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Jean-Fu Kiang received the BS degree in Electrical Engineering from National Taiwan University in 1979 and the Ph.D. degree in Electrical Engineering from Massachusetts Institute of Technology in 1989. He has been a professor of the Department of Electrical Engineering and the Graduate Institute of Communication Engineering, National Taiwan University since 1999.

He has been guiding his students to apply different ideas, theories and methods in exploration of various electromagnetic phenomena and possible applications, including merge multiple modes in a dielectric resonator antenna to increase its bandwidth (2007- 2009); simulate how a tsunami wave perturbs the ionosphere and affects the GPS signals, leading to a method to detect a tsunami within 15 minutes of occurrence (2009); design 3D miniaturized broadband antennas with size of f/10 (2010, 2011); improve the accuracy of a differential GPS system to within a few cm at a distance of 100 km from the reference station, leading to one possible application to measure the real-time wind field within a typhoon (2011); optimize a large phased array with tens of thousands of antenna elements by using evolutionary algorithms (2013-2015); reconstruct a better image of a celestial object 60 million light-years from the Earth, based on very-long baseline interferometry (2014); design super-lenses with meta-materials to achieve a resolution of f/30 (2014); simulate wave propagation in the lower atmosphere, considering the effects of refractivity profile inversion and turbulence, under different weather conditions (2014); model the synchronization among an array of coupled oscillators originally operating at different frequencies (2014, 2015); reconstruct high-fidelity microwave images of multiple underground objects (2014, 2015); simulate wave scattering by a very large rough surface (2015); compensate for the coupling among antennas in an array to improve the direction-of-arrival estimation to within 0.1 degree, even from directions far away from normal incidence (2015); evaluate the impact on ground objects from a high-altitude electromagnetic pulse (2016); estimate the parameters of an evolving sand-and-dust storm using improved radar equations (2016); apply LEO-ground infrared laser occultation technique and a harmony search algorithm to retrieve major greenhouse gas profiles around a specific receiver site in real time (2017); apply synthetic-aperture radar (SAR) imaging on ground objects at high squint angles (2017); compensate motion errors in SAR imaging (2017); simulate microwave hyperthermia to treat cancers (2018, 2019); process radar signals to estimate direction-of-arrival (DOA) and carrier frequency of multiple signal sources with co-primed array and triply-primed array technique (2018, 2019); compute the brightness temperatures from very lossy medium by using finite-difference time-domain (FDTD) method to obtain near-field bistatic transmission coefficients and by extending the Planck's law to lossy medium (2019); estimate range-dependent sound-speed profile with dictionary learning method (2020); compare different planetary magnetospheres in the solar system (2020); implement dispersive FDTD scheme and surface impedance boundary condition for modeling pulse propagation in very lossy medium (2020); apply CNN algorithms on hyperspectral image classification in agricultural lands (2020).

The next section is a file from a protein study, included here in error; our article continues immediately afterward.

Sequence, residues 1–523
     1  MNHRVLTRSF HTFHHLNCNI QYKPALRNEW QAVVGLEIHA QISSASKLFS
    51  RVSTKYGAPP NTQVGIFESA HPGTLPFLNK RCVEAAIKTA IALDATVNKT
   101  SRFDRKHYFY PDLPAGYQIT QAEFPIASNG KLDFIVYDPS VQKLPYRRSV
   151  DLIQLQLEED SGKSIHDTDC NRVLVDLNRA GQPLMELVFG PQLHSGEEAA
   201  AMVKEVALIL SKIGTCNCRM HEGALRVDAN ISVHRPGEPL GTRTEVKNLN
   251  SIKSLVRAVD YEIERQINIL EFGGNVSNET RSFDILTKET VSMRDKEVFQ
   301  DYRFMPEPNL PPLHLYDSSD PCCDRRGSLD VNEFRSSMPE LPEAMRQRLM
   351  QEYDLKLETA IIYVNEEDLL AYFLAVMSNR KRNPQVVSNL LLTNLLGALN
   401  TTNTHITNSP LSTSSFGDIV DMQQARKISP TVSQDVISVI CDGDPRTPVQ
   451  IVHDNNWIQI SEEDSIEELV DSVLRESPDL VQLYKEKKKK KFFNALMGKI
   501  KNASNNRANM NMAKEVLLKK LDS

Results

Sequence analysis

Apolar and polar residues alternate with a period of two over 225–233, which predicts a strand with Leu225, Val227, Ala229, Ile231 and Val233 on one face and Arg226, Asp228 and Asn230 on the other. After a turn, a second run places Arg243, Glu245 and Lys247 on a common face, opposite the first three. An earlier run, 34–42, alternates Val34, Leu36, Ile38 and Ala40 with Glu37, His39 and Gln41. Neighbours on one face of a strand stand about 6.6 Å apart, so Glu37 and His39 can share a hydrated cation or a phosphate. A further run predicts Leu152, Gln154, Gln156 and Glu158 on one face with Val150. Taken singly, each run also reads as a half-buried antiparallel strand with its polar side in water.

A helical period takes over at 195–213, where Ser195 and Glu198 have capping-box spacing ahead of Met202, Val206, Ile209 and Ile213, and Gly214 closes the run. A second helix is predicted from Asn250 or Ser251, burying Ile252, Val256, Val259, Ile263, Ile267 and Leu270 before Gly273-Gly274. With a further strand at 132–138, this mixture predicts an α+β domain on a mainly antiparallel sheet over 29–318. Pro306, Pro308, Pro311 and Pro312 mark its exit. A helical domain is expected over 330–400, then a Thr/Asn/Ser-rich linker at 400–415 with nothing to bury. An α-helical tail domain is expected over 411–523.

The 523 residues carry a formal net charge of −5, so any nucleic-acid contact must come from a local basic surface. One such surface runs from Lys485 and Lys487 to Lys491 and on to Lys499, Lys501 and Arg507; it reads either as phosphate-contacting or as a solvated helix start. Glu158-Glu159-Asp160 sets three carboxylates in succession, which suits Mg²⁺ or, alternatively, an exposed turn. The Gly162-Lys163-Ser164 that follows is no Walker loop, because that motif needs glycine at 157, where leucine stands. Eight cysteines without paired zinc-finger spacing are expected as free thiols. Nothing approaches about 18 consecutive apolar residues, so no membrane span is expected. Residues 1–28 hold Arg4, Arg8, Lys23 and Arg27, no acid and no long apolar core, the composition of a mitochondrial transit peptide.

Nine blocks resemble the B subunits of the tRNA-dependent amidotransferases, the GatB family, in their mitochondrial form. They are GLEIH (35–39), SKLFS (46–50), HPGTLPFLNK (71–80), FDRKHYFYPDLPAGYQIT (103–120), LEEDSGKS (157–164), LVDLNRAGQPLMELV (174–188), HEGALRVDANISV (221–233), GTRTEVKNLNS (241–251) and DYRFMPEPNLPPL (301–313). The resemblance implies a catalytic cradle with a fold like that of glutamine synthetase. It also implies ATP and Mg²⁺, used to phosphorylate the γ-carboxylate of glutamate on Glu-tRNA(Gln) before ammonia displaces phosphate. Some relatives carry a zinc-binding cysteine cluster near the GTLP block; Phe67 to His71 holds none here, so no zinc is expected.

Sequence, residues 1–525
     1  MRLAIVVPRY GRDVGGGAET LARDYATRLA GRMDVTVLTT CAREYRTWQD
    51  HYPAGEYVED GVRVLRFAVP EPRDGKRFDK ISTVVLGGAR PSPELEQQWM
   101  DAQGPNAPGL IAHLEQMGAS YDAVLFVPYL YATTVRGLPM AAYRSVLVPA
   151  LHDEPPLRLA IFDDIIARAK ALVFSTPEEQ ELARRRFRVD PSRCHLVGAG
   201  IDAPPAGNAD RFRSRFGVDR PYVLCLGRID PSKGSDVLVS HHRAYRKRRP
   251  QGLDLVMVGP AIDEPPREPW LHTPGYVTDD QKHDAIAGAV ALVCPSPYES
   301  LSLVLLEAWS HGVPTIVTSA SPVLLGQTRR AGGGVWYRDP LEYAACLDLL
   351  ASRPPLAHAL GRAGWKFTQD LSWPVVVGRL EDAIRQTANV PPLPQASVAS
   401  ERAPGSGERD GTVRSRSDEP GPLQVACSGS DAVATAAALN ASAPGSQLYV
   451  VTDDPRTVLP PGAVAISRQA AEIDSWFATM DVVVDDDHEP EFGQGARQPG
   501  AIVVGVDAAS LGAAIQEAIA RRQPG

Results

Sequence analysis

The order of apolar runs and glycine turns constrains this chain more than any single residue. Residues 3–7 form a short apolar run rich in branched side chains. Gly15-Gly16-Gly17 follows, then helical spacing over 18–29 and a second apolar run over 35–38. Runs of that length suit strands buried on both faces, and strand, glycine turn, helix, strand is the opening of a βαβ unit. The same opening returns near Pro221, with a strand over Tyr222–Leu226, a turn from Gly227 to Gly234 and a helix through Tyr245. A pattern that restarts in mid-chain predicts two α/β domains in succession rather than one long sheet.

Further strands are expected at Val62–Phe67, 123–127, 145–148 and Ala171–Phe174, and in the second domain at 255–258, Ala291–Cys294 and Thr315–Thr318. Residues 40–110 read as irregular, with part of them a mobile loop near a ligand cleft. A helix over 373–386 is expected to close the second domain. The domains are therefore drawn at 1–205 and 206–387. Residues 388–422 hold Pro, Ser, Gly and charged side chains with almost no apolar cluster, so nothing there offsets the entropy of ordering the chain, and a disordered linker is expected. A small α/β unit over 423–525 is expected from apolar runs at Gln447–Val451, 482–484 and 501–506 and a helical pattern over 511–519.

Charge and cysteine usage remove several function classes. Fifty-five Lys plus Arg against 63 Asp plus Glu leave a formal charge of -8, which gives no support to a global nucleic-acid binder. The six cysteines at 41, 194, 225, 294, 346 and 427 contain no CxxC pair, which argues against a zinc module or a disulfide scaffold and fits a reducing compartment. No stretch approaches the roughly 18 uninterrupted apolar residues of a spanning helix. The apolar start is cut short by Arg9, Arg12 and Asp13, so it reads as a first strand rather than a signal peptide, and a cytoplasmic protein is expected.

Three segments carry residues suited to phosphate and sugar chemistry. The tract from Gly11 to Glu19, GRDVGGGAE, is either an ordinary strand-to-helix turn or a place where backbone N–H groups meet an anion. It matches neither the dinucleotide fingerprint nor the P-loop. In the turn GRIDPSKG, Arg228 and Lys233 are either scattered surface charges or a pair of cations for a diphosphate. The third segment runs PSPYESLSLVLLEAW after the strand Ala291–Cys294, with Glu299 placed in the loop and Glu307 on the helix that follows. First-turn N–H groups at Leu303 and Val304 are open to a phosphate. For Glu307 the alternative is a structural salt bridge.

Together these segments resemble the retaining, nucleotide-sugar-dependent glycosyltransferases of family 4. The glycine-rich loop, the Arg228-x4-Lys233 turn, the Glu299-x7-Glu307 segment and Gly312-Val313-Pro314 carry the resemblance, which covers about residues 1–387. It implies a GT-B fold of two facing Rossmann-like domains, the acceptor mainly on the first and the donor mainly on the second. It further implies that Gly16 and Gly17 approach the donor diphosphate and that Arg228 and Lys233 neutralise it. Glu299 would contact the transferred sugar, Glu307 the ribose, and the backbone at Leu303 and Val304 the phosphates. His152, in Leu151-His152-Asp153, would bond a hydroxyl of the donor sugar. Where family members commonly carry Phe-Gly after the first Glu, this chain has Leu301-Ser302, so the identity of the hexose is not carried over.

You are welcome to view the documents of these works and other interesting explorations by clicking the "Selected Publications" button on the left-bar or visiting the website:

http://cc.ee.ntu.edu.tw/~jfkiang/selected_publications.html

 
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